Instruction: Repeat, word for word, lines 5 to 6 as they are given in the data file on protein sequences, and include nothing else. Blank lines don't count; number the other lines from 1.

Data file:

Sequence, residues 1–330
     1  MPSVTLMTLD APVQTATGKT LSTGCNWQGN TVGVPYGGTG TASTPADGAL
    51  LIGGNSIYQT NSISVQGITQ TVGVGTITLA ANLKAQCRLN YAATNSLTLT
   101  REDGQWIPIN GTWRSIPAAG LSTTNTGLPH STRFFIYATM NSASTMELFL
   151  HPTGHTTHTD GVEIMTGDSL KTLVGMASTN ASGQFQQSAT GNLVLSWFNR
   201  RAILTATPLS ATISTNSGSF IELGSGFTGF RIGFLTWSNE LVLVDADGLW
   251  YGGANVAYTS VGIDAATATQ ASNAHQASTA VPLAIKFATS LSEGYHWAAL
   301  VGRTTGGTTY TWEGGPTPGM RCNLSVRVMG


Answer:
   151  HPTGHTTHTD GVEIMTGDSL KTLVGMASTN ASGQFQQSAT GNLVLSWFNR
   201  RAILTATPLS ATISTNSGSF IELGSGFTGF RIGFLTWSNE LVLVDADGLW